Financial Chronicle, 17/1/2011
The acquisition of Patni Computers by Nasdaq-listed iGate last week followed a trend — investors dumped the stock fearing that iGate was buying a company larger than itself, besides saddling itself with huge debt. While iGate lost nearly 20 per cent shares in two days, shares of Patni too fell.
Whenever a listed company announces a big-ticket acquisition, the stock tends to fall due to concerns of stretched financials and huge debt burdens involved in funding takeovers on their balance sheets. But, this also allows smart inves-tors to go for bargain buys. So, as an investor, is it a good idea to invest in these stocks, when they fall with the expectation that they will gain later?
For big-ticket acquisitions, it is believed that it would result in a huge debt burden on balance sheets of Indian acquirers and hence, were perceived as investor-unfriendly.
FC Invest spoke to experts, who said that investors can take a bet on stocks of good companies, which would help them judge the execution strategy for a successful integration that would be beneficial in the long run.
We look at some of the mega acquisitions by Indian companies and analyse how their stocks performed.
Shares of Tata Steel took a beating after it announced a $12-billion offer to buy Anglo-Dutch steelmaker Corus Group in January 2007. The process of acquisition concluded only after nine rounds of bidding. After the deal, the shares ended down 9 per cent at Rs 463.95 as investors felt the company was paying too high a price and the purchase could strain the finances at least for the short term. The acquisition was funded by more debt and cash. Eventually, after the deal, the shares were under constant pressure and going into 2008, when the financial crisis and global recession took centrestage, the stock plunged to Rs 216.85 by the end of the year. As the economy improved in 2009, things looked good and the stock bounced back and closed at Rs 617.60 by the end of 2009, up 184 per cent.
Similarly, the announcement in 2007 that Hindalco was buying Canada’s Novelis for $6 billion in 2007, resulted in the stock plunging to Rs 172-levels, after the acquisition. The stock closed at Rs 51.65 in 2008. The deal also involved a debt component of $2.4 billion. As the commodity boom returned, Hindalco shares closed at Rs 160.75, after the merger. Tata Motors had bought Jaguar Land Rover (JLR) for $2.3 billion in March 2008.
Two months before the acquisition, the company had a market capitalisation of Rs 24,000 crore. Five months after the deal, it had plunged to Rs 6,500 crore. The stock plunged from Rs 705.12 in March 2008 to Rs 344 in September 2008. Tata Motors’ market cap has now moved up to Rs 74,618.34 crore, more than 10 times its bottom in 2009. The stock hit Rs 1,381.40 in December, before slipping to Rs 1,178 on Friday.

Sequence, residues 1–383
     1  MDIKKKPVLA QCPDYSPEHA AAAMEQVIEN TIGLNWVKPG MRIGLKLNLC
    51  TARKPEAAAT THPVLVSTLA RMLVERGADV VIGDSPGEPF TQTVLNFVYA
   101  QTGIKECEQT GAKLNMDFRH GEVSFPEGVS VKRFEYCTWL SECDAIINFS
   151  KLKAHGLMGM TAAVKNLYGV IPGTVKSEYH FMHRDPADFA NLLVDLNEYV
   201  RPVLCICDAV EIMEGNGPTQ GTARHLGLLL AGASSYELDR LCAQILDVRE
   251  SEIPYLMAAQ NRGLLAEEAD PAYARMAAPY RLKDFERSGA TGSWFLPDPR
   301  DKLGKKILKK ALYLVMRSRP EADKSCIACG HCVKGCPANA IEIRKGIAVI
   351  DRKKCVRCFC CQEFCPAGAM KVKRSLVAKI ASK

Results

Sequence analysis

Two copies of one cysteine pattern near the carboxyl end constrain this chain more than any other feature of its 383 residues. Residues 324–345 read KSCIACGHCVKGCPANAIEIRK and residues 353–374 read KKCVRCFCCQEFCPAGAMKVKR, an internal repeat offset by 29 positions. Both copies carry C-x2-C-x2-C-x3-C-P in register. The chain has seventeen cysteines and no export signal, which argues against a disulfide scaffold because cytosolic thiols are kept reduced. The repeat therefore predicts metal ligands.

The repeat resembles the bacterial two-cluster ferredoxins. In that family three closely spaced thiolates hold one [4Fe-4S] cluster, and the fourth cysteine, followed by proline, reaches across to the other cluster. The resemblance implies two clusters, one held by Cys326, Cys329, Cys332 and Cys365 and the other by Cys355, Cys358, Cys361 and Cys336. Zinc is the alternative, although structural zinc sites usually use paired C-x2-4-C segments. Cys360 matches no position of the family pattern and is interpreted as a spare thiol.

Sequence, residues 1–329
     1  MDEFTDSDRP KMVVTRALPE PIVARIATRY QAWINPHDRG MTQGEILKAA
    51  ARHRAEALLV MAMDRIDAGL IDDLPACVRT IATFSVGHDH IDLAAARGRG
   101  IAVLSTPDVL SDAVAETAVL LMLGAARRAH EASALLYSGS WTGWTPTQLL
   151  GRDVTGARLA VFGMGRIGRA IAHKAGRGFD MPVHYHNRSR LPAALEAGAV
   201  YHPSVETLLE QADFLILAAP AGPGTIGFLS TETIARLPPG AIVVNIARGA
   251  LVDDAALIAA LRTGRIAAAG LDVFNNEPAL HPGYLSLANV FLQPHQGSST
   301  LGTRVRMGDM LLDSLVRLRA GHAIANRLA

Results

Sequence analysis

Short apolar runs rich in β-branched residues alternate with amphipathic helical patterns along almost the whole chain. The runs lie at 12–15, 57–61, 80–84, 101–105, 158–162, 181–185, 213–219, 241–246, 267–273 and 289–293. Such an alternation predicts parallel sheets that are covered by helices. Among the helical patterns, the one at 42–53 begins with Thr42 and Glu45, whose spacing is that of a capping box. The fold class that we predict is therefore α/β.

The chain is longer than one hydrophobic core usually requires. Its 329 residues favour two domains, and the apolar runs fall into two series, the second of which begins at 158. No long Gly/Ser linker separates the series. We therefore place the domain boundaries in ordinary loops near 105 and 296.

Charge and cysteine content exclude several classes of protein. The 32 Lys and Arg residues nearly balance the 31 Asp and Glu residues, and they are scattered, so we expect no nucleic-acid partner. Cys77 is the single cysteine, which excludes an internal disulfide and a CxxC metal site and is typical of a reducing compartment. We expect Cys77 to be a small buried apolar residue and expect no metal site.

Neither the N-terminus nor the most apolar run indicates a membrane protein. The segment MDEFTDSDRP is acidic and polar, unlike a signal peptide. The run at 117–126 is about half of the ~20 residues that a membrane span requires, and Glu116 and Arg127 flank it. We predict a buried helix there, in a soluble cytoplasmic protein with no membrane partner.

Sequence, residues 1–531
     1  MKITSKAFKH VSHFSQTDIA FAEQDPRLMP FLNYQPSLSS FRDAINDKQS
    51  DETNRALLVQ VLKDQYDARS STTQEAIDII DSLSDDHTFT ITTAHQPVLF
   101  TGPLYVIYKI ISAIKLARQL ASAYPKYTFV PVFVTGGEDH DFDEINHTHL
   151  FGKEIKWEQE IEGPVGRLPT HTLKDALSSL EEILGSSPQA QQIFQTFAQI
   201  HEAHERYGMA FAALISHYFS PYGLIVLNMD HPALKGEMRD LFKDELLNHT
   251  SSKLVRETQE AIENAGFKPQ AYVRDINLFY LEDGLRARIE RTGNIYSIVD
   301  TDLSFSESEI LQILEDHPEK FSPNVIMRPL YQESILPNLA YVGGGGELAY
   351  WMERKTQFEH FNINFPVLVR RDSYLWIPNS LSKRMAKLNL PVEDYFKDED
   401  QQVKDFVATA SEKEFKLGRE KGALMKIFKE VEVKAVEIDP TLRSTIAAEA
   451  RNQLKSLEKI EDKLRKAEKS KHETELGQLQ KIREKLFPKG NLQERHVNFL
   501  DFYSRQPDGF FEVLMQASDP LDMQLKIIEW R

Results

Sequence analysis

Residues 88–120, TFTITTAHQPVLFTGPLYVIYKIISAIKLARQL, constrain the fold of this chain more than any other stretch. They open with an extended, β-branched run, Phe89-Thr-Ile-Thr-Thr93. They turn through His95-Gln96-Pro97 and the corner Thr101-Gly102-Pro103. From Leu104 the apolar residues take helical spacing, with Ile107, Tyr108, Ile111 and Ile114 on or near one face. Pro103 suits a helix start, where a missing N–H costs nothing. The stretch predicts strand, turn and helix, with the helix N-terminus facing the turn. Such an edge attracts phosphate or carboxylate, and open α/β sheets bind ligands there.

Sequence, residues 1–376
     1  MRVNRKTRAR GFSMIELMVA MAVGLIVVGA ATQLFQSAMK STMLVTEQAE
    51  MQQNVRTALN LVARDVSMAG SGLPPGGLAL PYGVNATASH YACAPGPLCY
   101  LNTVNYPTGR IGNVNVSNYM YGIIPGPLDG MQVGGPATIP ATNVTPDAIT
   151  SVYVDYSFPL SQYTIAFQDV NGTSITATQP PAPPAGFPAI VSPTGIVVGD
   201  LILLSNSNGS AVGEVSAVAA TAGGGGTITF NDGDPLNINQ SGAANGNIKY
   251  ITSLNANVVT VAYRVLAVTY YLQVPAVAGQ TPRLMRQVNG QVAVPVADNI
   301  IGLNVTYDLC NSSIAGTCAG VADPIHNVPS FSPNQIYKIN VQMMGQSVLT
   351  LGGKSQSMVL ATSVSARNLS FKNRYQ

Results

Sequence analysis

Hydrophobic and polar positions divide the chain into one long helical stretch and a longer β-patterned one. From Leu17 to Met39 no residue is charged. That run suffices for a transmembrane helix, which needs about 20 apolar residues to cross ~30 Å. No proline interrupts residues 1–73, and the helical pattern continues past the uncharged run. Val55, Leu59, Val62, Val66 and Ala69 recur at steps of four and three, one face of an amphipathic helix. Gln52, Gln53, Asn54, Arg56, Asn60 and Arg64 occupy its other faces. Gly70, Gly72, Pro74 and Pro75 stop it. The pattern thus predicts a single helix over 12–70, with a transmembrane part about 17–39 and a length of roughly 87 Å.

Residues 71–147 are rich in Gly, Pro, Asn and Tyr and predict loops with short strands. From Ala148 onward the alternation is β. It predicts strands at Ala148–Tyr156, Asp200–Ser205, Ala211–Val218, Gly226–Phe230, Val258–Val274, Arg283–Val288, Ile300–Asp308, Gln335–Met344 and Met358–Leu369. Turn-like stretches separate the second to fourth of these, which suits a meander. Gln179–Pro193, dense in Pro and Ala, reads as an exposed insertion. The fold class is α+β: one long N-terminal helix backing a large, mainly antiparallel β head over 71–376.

These examples show investors who held on, or those who bought at the low price are now reaping rich dividends. “All these deals were done when the market was at its peak and so the valuation was viewed as costly. Also, the acquisitions are initially dilutive to earnings and these were big-ticket acquisitions, which burdened the balance sheets. However, these companies have scored because of their execution strategies and a successful integration has helped them regain lost value. So, one should look at the execution skills of the company before making a ‘buy’ call on stocks, which are down after a deal is announced,” Jagannadham Thunuguntla, equity head of SMC Capital, said.
Last year, Bharti Airtel agreed to buy the African assets of Zain for $9 billion in cash in the second- biggest overseas acquisition by an Indian company. In its third attempt to expand in Africa, New Delhi-based Bharti, also inherited $1.7 billion of Zain’s debt. After the deal, the company’s shares were hovering around Rs 310.95 and plunged to Rs 293.53. But slowly, investors started to see value in the deal and the stock is now trading at Rs 342.70.
“If you look at the acquisitions, most of the targets where loss-making companies operating in a troubled environment. In addition, the debt portion involved in many deals, caused a knee-jerk reaction after the deal was announced. But it tends to subside once the company gets into the integration mode and starts to realise benefit from the acquisition. In case of companies, with a proven track record, if the stock falls over 15 per cent on an acquisition announcement, it is a good time to accumulate,” Vivek Karwa of Chennai-based financial advisory firm Vridhi said.
“It all comes to the final execution in terms of big-ticket acquisitions. You see these targets meaningfully contributing to the earnings in the long term, which is also reflected in the share prices. So, the track record of the company matters when it comes to taking a ‘buy’ call,” Alex Matthew, head of research at Geojit BNP Paribas Financial Services, said.